Identifying characteristics: (Native Fish) Brook trout have a long, streamlined body with a large mouth that extends past the eye. Color variations include olive, blue-gray, or black above with a silvery white belly and wormlike markings (vermiculations) along the back. They have red spots sometimes surrounded by bluish halos on their sides. The lower fins have a white front edge with black and the remainder being reddish orange. The tail fin is square or rarely slightly forked. During breeding time in the fall male brook trout can become very bright orange-red along the sides.
The brook trout can be found throughout many states in many creeks, streams, rivers, lakes, and in the Great Lakes. Brook trout require cool, clear, spring-fed streams and pools. They can be found under cover of rocks, logs, and undercut banks and have been described as stationary. Larger brook trout often inhabit deep pools moving to shallow water only to feed. They prefer temperatures from 57–60 degrees F.
Spawning generally occurs in the months of October and November. Mature brook trout seek riffle areas with gravel in spring-fed streams, spring seepage areas of ponds, lake shores with swift currents, or lake bottoms where groundwater seepage occurs for spawning. Female brook trout use their tails to create a spawning bed (or redd) in gravelly areas. Redds may measure 1 – 2 feet in size. Female brook trout can produce between 100 – 400 eggs depending upon the size and age of the individual. After spawning the female covers the eggs with gravel. Brook trout eggs must get continous amounts of oxygen in order for the eggs to survive. Depending upon water temperatures the eggs will incubate 2 to 3 months before hatching into sac fry.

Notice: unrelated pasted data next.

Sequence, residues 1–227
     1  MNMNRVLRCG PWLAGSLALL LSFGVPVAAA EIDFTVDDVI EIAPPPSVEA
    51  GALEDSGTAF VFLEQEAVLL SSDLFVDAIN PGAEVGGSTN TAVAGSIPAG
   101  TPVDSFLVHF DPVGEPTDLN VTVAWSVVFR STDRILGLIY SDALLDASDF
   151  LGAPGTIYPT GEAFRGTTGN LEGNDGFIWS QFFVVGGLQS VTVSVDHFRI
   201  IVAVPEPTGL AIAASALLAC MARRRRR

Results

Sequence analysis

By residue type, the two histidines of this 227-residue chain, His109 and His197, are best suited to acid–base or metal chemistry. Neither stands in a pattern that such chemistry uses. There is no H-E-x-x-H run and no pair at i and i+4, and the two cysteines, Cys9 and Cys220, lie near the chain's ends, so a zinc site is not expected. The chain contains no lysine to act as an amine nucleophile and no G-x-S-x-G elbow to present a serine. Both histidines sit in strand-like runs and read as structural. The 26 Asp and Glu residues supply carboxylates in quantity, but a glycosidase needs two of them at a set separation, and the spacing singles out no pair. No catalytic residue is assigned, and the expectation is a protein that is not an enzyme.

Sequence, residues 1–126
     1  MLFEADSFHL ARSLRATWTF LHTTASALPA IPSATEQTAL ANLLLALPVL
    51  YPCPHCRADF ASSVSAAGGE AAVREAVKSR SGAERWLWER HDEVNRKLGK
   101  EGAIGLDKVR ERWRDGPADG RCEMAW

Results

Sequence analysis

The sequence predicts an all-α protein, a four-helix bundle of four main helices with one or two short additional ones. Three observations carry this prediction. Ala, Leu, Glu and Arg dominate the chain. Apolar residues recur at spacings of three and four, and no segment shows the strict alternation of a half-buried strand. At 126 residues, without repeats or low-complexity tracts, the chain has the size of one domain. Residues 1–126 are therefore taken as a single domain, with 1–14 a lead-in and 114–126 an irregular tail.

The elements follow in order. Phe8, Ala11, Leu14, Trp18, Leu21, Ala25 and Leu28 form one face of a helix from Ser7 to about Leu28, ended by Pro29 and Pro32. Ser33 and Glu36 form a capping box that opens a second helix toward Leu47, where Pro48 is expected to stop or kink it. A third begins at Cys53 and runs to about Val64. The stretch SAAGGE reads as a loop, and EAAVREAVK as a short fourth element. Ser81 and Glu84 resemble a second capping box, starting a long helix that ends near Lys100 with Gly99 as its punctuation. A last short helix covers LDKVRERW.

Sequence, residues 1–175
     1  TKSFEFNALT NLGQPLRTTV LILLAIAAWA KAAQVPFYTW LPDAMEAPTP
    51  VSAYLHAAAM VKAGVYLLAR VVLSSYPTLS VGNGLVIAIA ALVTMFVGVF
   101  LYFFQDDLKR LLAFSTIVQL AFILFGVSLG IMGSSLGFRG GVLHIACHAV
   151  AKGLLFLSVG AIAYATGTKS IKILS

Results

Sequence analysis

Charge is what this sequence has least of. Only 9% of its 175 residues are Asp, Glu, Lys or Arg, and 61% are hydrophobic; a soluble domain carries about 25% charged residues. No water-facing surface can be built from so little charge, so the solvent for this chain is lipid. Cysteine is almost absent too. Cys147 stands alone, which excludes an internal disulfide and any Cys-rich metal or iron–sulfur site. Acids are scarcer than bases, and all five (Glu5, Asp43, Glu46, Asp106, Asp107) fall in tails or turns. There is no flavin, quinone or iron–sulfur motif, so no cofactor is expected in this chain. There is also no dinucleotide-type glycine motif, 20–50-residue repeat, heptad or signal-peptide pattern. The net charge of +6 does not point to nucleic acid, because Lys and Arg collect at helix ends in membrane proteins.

The sac fry remain in the redd until their yolk sac is absorbed. Then, when they are about 1 ½ inches long, they venture away from the redd to feed. It takes about 2 to 3 years for them to mature and they usually do not live longer than 6 years. Brook trout living in streams often reach sizes between 7-9 inches. Great lake brook trout or coasters can attain larger sizes up to 25 inches and 10 pounds.
Brook trout have been described as voracious feeders with the potential to consume large numbers of zooplankton, crustaceans, worms, fish, terrestrial insects, and aquatic insects. Ephemeroptera, Trichoptera, and Diptera often make up a large component of their diet. However, they will often feed on whatever is most readily available.
Brook trout are avidly sought after by sport anglers, for food as well as for the sport. They can be caught by using various terrestrials, wet and dry flies.